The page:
Thank you so much for the reminder! Especially in a place like the Dope, where almost everyone is a voracious reader, we should celebrated Banned Books Week.

Heart!

At our library, if a children’s book becomes objectionable, it’s moved into the Parent/Teacher collection (examples are Heather Has Two Mommies, And Tango Makes Three, etc).

Everyone has access to that section and it’s only 15 feet away from the picture books – it’s just not a section a kid usually browses through.

/Shadez

We don’t have any Ingersoll, but that’s mostly because the local area doesn’t generate enough interest in books that a major academic library would hold. Unfortunately, a lot of public libraries (especially around here in Florida) are getting customer service oriented to the point of trying to make it the poor man’s Borders, so those who haven’t been exposed to a university research library are really missing out on the wonders that a good nonfiction collection can hold. There’s a reasonably good selection for a public library, but it’s just not the same as going through the stacks at an academic library; we’re required to “weed the stacks” periodically, and some of those books are pulled based on lack of use.

I don’t know about your systems in Florida. In California, most counties have library systems covering the entire county, making the flow of books from one library to another as easy as reserving a book on a computer. The book is then taken from the library that has it and delivered to the one that doesn’t. The reader can return the book to his/her own library, from whence it is returned to the branch that owns it. County systems can track and handle hundreds of thousands of books in this way, and there is no excuse for them to so limit their collections. The lack of Ingersoll in this particular system, to my mind, doubtless reflects the bias of those who purchase the books. It is a form of censorship. If Ingersoll had been an obscure person in his time there might be some excuse. But he was as well known in the nineteenth century as, say, Rush Limbaugh was in the late twentieth and is to this day. I detest Limbaugh, but I wouldn’t exclude his books from any library even if I had the power to do so.

I’m really glad you posted this information, nashiitashi.

I’m planning on participating. I’ve been meaning to buy* And Tango Makes Three* for awhile now, since I read about it hear last year. Celebrating Banned Book Week is an excellent reason to do so.

Ingersoll isn’t available through Osceola County, but is available through Orange County, which gets an assload more funding because they are run more separately from the county than Osceola and have better funding because of the existence of Orlando in their county and the fact that they have three times the number of library branches and, consequently, have a lot more books in their system. I’m sure I could ILL it, though, if needed.

Osceola County is a small system with very little funding, and thus it is forced to have a policy of not carrying books that are not used regularly enough. There’s a lot of rural areas, and the average person above the age of 18 using the library is not using for academic purposes, as there are a handful of universities and community colleges within a reasonable driving distance. There are hiring freezes all over the state, and the one for this county has been in effect since before I moved here. The library tries to limit its censorship, but they get very little funding, especially considering the fact that property taxes (which are the main source of funding in the area) have been reduced state-wide to try to keep people in Florida. It’s probably going to speed up the plummet toward a recession, despite its intentions of trying to prolong one for as long as possible. There’s a lot of ridiculous things going on within the governmental system right now that not having Ingersoll’s works in the Osceola County system seems trivial by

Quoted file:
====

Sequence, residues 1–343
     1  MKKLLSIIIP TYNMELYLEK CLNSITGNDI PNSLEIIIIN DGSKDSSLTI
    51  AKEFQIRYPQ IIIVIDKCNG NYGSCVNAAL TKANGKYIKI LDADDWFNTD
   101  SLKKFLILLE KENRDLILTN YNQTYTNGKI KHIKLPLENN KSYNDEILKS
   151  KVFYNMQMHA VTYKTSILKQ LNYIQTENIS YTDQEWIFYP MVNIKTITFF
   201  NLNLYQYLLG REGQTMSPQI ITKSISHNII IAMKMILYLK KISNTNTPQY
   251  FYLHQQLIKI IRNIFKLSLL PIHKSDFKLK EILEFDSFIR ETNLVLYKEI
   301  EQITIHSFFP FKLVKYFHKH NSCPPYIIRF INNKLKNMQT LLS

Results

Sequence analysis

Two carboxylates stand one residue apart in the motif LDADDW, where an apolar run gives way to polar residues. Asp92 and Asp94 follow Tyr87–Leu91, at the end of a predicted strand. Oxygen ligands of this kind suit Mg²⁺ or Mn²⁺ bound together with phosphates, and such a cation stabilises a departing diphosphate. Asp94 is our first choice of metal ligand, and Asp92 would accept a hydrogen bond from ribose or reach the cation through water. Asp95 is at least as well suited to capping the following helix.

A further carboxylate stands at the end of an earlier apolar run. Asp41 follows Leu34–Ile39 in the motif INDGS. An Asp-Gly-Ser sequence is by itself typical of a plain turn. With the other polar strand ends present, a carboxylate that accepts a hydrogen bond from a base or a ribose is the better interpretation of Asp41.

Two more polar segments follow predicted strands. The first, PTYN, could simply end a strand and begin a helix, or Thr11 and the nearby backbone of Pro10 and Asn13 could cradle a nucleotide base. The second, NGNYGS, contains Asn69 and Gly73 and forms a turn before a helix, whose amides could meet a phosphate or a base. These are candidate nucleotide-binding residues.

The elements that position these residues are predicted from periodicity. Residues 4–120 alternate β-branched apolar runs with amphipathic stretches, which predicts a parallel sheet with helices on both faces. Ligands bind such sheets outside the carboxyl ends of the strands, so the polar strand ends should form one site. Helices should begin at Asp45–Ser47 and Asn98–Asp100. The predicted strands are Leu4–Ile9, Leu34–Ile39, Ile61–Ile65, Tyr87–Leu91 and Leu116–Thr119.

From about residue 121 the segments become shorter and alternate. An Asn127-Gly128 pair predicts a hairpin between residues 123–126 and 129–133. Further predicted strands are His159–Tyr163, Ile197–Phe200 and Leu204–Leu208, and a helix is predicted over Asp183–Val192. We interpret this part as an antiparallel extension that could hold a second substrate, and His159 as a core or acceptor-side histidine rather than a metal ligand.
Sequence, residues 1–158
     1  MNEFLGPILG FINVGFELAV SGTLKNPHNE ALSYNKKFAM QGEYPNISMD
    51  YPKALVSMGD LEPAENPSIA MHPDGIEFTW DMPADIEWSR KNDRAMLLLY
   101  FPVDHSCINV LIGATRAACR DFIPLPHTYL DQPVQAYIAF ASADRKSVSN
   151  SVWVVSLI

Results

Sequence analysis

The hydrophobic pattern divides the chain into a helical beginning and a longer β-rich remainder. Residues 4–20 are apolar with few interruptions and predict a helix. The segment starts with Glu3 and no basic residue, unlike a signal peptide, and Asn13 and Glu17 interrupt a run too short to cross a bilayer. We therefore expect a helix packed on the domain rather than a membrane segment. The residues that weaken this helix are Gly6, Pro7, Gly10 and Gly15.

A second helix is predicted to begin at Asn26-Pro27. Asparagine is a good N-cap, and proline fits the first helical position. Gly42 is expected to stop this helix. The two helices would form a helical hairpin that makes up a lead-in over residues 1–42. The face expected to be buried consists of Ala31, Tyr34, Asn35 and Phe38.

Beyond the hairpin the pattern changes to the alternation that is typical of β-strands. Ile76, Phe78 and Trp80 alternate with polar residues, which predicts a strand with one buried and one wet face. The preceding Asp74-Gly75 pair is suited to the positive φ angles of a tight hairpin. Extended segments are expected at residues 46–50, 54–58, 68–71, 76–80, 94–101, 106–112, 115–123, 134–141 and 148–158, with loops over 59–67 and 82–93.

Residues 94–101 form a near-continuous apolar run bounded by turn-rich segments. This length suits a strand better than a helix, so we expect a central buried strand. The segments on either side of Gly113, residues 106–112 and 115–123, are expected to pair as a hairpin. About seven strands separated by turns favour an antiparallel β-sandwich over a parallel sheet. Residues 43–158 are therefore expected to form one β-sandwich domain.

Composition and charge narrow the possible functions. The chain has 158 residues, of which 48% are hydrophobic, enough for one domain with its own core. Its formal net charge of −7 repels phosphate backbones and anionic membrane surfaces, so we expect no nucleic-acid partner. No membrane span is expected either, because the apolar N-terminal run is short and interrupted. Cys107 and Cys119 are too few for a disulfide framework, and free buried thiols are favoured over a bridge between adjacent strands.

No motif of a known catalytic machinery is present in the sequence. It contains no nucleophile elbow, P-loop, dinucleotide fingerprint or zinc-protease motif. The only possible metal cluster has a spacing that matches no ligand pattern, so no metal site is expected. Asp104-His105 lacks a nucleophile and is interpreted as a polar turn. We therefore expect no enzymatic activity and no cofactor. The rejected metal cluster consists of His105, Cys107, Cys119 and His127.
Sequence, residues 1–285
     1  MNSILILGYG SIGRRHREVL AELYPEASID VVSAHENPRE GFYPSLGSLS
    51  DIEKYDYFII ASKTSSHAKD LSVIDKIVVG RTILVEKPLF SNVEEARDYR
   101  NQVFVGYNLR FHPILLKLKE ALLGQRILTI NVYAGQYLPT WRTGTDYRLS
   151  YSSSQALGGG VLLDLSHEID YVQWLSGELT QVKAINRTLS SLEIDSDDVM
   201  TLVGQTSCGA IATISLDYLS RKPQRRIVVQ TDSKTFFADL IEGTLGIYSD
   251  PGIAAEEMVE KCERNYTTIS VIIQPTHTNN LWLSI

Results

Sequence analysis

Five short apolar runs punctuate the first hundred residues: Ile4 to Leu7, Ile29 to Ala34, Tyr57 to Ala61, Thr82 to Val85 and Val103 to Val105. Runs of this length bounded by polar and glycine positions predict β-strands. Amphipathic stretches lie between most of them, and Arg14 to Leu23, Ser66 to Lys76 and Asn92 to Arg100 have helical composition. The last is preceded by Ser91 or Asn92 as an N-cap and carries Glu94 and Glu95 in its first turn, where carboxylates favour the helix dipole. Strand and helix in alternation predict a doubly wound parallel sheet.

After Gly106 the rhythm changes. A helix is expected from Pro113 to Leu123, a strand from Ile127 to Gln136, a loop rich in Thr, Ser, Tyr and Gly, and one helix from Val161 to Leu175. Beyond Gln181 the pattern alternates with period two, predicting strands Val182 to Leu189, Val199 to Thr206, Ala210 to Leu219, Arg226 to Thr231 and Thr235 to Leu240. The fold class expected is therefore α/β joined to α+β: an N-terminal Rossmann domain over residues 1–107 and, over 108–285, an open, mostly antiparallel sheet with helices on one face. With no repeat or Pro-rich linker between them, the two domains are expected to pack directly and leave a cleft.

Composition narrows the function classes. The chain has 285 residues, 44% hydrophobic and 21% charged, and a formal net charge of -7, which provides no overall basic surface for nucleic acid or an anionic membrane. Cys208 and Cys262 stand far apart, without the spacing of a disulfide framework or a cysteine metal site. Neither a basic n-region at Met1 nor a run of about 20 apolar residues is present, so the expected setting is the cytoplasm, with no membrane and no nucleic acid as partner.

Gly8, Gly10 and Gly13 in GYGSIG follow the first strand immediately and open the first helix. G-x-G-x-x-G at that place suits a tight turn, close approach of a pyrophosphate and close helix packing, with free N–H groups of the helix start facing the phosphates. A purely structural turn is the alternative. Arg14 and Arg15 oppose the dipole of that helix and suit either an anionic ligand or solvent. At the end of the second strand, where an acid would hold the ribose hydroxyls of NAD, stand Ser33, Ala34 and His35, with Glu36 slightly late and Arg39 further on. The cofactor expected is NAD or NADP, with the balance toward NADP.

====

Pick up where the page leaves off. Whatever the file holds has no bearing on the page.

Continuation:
comparison.

I don’t know exactly how heavily populated the different counties are in California, but I’m sure there isn’t as much of a population difference between one county and the next as there is in Florida. We’ve got areas with heavy population (Broward, Miami-Dade, Orange, and Palm Beach Counties are definitely heavily populated) and then areas that were traditionally agricultural and are either still extremely sparsely populated or are just now developing as a result of the development and expansion of a nearby county. Osceola County is growing because Orange County is expanding so rapidly, but a lot of the areas that are developed now were plots of farm land five years ago, and the policies and funding from the county government hasn’t changed enough to reflect that there is a growing need for library services in all areas. I have a lot better selection through Osceola County than I did when I lived in Leon County, but at the same time, I was able to do some serious research in Broward County because the system was big and well-developed by the time I was five. It’s going to be quite a while before Orange and Osceola counties catch up to where Broward is in breadth and depth of collections, as they just haven’t been around as serious library systems for as long.

OH, hey! Thanks for starting this thread! I have a $10 gift card to a local wymmyn-and-chyldryn type book store that I haven’t known what to do with. What an excellent time to pick up And Tango Makes Three for my two year old! Hmmm…what subversive missive can I pick up for my 14 year old fantasy loving son at the same time?

WhyNot,
who does not deal well with “authority”